Tuesday, December 09, 2008
Now I am confused. I have certainly been as angry and vocal as anyone at the NY Times and others for omitting to mention that the terrorists were Muslims.
But reading Mark Steyn saying the same thing gave me a frisson of doubt. I have all along assumed that the Times and the other media were all a bunch of liberal apologists. Seen from that point of view, they are indeed worthless slime. I have assumed all along, as Mark Steyn does, that the omission is out of sympathy for the imaginary "moderate" Muslims.
But I suddenly had a vague memory of a debate in the 1960's about hijackers taking airliners to Cuba. The argument was whether the press should mention the hijackings at all since the purpose of the hijackings was to get publicity. But the newspapers argued that they couldn't pretend it hadn't happened or wasn't newsworthy. So the understanding was that they would report the event but not mention the hijacker's cause. So they would report the hijacking but not mention that the hijackers were Leninists.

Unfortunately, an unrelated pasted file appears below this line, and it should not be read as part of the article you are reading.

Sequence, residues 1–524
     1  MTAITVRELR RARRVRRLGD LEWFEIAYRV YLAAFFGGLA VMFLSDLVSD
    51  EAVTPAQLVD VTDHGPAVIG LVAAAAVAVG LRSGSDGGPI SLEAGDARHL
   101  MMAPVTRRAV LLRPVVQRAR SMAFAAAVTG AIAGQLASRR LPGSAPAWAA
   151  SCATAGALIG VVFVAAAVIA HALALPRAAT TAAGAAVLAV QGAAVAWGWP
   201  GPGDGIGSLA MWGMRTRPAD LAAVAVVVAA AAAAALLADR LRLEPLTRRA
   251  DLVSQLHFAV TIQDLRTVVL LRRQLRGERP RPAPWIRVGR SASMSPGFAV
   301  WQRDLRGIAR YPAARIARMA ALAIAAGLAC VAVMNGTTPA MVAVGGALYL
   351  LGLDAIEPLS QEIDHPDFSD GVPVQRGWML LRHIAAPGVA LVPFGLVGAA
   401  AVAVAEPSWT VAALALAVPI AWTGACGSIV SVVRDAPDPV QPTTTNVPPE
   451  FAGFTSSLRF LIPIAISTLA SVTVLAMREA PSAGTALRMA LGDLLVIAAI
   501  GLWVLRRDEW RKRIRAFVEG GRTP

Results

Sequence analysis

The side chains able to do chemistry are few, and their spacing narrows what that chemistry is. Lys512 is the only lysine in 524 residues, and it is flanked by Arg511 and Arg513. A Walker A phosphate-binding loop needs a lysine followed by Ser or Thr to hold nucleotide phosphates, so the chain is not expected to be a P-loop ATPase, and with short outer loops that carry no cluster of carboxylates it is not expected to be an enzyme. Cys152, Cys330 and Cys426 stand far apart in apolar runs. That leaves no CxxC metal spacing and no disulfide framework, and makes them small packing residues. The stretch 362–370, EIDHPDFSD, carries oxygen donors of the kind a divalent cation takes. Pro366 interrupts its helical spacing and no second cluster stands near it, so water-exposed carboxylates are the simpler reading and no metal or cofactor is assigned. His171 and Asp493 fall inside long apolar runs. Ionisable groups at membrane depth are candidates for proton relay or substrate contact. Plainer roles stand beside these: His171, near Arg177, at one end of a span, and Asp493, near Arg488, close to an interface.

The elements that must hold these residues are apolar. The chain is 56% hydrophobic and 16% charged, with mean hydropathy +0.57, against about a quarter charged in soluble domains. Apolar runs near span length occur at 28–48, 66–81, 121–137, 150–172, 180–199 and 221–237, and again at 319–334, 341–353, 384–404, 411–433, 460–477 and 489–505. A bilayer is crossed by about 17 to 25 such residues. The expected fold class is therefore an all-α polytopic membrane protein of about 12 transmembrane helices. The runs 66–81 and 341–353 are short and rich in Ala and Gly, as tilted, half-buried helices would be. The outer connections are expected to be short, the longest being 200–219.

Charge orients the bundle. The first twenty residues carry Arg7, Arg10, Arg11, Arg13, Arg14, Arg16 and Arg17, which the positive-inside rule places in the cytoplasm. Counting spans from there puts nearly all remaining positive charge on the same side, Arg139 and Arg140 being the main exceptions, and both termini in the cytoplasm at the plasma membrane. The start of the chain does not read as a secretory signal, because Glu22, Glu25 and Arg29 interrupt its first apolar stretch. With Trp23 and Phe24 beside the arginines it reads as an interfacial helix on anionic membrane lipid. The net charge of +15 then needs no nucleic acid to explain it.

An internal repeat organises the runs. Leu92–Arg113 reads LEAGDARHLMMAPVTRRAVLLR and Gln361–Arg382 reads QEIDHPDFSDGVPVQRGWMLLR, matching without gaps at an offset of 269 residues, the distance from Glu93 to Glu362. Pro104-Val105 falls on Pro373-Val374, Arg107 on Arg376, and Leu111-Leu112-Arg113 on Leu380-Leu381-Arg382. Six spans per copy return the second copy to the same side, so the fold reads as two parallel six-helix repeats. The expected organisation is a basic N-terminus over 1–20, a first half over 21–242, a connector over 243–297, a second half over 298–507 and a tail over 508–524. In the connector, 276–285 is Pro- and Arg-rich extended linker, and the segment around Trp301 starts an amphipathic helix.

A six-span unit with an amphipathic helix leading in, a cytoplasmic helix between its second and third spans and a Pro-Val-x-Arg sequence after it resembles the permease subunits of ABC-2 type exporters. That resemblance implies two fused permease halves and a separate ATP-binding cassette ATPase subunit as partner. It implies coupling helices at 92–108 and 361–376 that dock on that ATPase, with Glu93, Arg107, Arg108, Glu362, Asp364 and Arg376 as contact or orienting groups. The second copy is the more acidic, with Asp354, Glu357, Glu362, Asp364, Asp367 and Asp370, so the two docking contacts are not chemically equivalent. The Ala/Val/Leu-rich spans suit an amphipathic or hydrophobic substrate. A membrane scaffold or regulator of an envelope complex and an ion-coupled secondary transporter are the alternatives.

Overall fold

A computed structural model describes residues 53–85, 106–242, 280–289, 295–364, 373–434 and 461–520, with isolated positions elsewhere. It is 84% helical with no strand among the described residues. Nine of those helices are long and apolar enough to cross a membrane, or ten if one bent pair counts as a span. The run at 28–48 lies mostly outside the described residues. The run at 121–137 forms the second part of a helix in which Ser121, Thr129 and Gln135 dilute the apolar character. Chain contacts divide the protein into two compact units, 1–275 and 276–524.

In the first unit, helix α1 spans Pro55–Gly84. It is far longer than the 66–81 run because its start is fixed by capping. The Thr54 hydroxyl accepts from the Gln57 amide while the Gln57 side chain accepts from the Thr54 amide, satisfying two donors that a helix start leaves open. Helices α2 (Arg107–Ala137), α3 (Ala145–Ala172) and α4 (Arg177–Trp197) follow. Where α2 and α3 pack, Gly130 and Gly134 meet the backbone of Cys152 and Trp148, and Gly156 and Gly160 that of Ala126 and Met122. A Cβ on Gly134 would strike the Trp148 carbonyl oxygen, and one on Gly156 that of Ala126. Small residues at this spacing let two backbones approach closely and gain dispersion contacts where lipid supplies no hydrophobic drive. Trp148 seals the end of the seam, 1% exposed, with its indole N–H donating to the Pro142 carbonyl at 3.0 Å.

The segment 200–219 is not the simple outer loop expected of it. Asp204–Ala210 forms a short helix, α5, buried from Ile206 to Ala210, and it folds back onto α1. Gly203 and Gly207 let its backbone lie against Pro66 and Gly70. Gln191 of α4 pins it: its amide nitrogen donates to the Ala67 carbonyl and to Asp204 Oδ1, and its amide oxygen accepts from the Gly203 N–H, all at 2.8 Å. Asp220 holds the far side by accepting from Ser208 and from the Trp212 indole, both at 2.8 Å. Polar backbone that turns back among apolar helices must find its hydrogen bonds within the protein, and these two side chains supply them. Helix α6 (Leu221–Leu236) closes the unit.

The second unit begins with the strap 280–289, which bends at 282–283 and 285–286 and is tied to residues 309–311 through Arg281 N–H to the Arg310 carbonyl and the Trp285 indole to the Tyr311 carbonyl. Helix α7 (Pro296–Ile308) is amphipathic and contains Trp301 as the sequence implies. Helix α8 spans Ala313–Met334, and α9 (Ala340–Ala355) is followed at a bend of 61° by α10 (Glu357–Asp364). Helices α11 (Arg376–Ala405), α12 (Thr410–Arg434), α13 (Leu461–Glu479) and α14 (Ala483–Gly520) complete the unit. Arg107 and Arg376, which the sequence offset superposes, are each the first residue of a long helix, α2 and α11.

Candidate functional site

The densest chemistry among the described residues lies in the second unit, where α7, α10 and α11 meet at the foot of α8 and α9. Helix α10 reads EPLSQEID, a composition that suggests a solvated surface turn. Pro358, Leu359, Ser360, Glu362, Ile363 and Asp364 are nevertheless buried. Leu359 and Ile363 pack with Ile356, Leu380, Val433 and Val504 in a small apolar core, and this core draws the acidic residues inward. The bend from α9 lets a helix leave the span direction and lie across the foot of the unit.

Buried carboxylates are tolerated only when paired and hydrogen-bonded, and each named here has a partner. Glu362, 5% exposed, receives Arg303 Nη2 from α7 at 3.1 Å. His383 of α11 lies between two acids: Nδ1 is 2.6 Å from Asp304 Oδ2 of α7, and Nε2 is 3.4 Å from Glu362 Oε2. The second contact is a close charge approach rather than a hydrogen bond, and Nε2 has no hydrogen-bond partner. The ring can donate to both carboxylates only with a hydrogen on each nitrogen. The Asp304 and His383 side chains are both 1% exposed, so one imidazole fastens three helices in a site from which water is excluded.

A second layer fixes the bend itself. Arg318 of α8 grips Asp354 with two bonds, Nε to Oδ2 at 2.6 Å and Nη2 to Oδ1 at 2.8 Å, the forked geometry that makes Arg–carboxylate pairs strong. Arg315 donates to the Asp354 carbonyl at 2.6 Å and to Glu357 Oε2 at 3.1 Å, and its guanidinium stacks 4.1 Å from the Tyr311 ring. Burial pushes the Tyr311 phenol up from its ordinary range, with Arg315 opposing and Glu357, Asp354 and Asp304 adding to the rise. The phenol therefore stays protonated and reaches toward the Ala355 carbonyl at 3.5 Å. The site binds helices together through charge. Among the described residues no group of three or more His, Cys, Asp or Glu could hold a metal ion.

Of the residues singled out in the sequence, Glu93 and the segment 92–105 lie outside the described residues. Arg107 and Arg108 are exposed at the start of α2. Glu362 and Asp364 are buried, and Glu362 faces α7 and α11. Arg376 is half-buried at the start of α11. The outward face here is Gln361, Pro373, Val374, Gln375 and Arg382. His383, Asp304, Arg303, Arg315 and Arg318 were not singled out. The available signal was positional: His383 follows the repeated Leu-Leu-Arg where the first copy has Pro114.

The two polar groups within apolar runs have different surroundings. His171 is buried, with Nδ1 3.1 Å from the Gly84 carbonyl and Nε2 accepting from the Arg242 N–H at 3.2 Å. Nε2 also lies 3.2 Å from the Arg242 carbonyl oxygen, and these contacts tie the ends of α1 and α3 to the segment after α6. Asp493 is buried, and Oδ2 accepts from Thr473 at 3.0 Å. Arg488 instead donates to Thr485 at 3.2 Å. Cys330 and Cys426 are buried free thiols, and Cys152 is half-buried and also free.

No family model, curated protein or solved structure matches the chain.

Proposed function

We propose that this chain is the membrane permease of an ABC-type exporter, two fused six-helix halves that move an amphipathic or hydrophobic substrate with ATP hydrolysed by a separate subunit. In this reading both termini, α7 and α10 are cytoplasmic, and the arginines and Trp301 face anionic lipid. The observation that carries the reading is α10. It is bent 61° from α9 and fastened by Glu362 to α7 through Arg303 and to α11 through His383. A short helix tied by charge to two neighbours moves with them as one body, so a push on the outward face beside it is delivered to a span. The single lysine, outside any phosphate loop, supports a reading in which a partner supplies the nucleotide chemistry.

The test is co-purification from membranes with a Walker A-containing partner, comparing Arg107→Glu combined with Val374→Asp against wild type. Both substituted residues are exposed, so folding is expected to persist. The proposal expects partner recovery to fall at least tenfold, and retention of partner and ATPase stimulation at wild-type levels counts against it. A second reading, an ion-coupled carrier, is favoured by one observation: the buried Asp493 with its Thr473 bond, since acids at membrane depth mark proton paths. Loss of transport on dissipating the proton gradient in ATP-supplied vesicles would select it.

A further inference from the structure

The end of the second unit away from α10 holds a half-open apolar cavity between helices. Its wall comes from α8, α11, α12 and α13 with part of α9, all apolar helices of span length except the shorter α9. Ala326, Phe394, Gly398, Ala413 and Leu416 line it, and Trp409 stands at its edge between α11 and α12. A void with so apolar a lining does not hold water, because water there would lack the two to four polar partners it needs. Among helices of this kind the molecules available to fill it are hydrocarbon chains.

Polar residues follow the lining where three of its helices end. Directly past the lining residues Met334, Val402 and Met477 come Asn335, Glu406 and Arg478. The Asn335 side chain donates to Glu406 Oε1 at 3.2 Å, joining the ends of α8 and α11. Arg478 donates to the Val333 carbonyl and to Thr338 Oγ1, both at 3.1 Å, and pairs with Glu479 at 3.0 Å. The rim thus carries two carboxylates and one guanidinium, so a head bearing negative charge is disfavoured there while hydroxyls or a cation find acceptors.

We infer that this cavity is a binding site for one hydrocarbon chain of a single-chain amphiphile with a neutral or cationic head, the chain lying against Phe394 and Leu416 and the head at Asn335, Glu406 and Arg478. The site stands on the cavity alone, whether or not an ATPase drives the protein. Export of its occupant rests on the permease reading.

I remember how the Times fought long and hard against publishing a statement by the Unabomber. They didn't want to encourage people to commit murders to get their opinions published in the Times by setting the precedent. But the Unabomber had said he would keep killing people until they consented. So they did finally cave in.
Of course it is intrinsically hopeless. Was there ever any doubt why the hijackers went to Cuba? Or why monsters kill everybody they can get within sight of in Mumbai?
In short, I have assumed that the Times and other media's omission to mention that the murderers were jihadis was to avoid tarring all Muslims as jihadis (as though jihad were not one of the Seven Pillars of the Faith for all Muslims, and war against the infidels endlessly commanded in the Koran.). But maybe the purpose of the omission is to diminish the publicity value of their terrorism.
Maybe I was mistaken about the Times' motives. Maybe they have both motives. I am no longer sure.